TOWARD AN UNDERSTANDING OF THE PRODUCT PLACEMENT EFFECT: CONSIDERING THE IMPACT OF BRANDED ARTIFACTS IN MEDIA
Gillespie, Brian Christopher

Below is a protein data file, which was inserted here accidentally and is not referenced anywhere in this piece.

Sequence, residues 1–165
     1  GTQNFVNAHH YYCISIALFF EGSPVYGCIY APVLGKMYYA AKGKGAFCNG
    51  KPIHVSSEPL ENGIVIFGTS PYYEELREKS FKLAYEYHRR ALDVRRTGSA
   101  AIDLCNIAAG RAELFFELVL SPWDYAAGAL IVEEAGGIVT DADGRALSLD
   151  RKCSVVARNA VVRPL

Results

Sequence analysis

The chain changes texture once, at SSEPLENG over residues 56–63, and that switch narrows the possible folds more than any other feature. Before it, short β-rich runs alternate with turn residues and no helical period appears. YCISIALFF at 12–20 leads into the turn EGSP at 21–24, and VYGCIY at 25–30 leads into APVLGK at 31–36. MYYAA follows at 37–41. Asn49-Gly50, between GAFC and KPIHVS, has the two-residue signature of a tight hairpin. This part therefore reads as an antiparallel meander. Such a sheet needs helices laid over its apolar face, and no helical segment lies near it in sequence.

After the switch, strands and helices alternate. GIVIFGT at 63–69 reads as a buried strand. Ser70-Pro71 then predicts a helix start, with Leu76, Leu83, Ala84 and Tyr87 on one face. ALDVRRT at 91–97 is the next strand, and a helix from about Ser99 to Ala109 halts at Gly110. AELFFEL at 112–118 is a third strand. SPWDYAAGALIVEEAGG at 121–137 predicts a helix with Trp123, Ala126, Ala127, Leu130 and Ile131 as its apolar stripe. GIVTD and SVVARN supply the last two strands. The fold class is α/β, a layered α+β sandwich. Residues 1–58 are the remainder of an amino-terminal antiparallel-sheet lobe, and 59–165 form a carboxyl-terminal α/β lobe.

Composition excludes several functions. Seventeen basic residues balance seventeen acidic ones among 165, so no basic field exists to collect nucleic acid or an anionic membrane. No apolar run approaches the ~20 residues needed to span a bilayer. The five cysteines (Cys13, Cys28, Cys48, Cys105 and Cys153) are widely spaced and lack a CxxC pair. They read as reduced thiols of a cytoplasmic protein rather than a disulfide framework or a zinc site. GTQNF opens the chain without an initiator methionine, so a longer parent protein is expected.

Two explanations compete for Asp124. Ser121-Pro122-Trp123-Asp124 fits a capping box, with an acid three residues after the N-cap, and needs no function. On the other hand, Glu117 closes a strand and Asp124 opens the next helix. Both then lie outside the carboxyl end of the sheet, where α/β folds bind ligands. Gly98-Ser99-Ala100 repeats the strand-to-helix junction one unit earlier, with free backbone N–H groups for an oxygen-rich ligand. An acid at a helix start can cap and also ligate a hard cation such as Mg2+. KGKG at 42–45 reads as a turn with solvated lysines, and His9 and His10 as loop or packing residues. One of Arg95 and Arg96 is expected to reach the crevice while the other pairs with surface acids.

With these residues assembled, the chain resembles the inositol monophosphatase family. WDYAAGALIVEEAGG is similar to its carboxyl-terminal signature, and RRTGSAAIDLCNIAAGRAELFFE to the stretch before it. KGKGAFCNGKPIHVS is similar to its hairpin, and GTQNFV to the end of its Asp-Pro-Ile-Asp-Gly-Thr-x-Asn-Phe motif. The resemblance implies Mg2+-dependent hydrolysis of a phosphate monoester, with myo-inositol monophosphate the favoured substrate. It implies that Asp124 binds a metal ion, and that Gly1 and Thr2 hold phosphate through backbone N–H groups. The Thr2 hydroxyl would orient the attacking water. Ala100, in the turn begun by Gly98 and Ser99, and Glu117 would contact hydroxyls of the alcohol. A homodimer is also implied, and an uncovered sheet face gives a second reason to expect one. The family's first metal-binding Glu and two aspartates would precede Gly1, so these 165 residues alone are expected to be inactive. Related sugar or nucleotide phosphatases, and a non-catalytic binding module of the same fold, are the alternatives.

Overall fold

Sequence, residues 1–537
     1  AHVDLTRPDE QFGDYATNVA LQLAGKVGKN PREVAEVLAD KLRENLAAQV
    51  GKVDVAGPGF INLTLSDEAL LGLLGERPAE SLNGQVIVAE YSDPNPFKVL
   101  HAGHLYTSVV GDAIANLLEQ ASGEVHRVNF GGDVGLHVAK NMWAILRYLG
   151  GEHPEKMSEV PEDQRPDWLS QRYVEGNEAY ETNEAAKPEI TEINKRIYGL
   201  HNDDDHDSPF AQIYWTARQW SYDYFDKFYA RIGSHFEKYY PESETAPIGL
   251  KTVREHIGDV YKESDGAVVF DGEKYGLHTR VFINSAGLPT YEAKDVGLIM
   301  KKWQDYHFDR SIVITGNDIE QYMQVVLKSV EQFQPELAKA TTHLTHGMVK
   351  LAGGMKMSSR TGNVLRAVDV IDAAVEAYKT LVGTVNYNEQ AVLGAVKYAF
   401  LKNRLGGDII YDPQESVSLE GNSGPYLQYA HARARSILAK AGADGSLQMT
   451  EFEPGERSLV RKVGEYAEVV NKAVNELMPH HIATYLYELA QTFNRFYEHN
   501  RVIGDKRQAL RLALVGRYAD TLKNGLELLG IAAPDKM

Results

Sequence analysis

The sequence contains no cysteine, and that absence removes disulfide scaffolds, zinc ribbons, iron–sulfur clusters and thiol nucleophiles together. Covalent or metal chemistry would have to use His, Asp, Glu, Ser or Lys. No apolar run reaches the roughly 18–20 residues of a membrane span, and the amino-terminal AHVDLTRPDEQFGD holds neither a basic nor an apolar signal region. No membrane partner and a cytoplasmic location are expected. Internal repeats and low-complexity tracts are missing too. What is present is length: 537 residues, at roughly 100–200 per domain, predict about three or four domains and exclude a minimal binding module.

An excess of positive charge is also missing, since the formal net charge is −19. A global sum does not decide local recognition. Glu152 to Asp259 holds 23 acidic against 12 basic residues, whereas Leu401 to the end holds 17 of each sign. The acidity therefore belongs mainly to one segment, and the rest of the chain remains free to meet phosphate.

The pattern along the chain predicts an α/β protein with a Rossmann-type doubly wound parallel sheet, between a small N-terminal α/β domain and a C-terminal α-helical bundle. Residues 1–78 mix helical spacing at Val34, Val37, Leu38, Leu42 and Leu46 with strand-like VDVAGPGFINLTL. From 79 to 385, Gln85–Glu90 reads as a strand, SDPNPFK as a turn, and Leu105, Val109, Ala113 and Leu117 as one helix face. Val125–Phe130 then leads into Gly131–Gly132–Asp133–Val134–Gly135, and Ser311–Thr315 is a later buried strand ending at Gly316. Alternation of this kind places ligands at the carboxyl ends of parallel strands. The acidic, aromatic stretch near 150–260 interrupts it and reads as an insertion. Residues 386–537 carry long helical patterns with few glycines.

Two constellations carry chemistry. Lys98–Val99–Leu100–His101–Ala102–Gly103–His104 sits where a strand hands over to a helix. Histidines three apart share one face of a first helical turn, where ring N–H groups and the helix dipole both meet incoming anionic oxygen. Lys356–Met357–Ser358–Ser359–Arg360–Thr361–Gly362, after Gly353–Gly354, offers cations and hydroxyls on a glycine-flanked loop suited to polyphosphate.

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This dissertation is an effort to further understand the impact of product placement advertising on consumers in three essays. Essay 1, presents a meta-analysis of the product placement domain in effort to better understand the impact of product placement on consumers' brand recall/recognition, brand attitudes, and behaviors. Analyses reveal a significant positive effect of exposure to product placement for all three response types, indicating cognitive elaboration, para-social relationships between consumers and characters, and mimicry as the theoretical foundations for cognitive, affective, and conative effects, respectively. Analyses further indicate that product placement advertising is less effective for cognitive responses, but more effective for affective and conative responses compared to traditional advertisements. In addition, exposure to blatant product placements results in a larger positive effect than exposure to subtle product placements across all three outcome variables. Lastly, compared to adults, children are less likely to recognize, but hold more favorable attitudes and behaviors toward placed brands.Essay 2, explores consumers' perceptions of product placement through the introduction of the Consumer-Schematic Taxonomy of Product Placement, defined as the knowledge structures consumers develop in order to understand and cope with product placement advertising. This taxonomy is investigated through the development of the Assent to Branded Artifacts in Media construct--defined as a consumer's general receptiveness to product placement as an effective and helpful guide in consumption decisions--and empirically concludes that adults possess the ability to simultaneously consume narrative and evaluate placements, indicating that product placement advertising may not be a form of covert marketing.The third and final essay considers the role of product placement in narrative by proposing that placements can offer benefits to consumers through proper product placement fit. Results indicate that consumers report more favorable brand evaluations when their narrative consumption goals (i.e., goal attainment and enjoyment) are met through exposure to product placement advertising, compared to when their goals are not met through exposure to product placement advertising. Taken together, I argue these essays provide a greater understanding of the product placement effect and validate product placement advertising as a viable promotional method.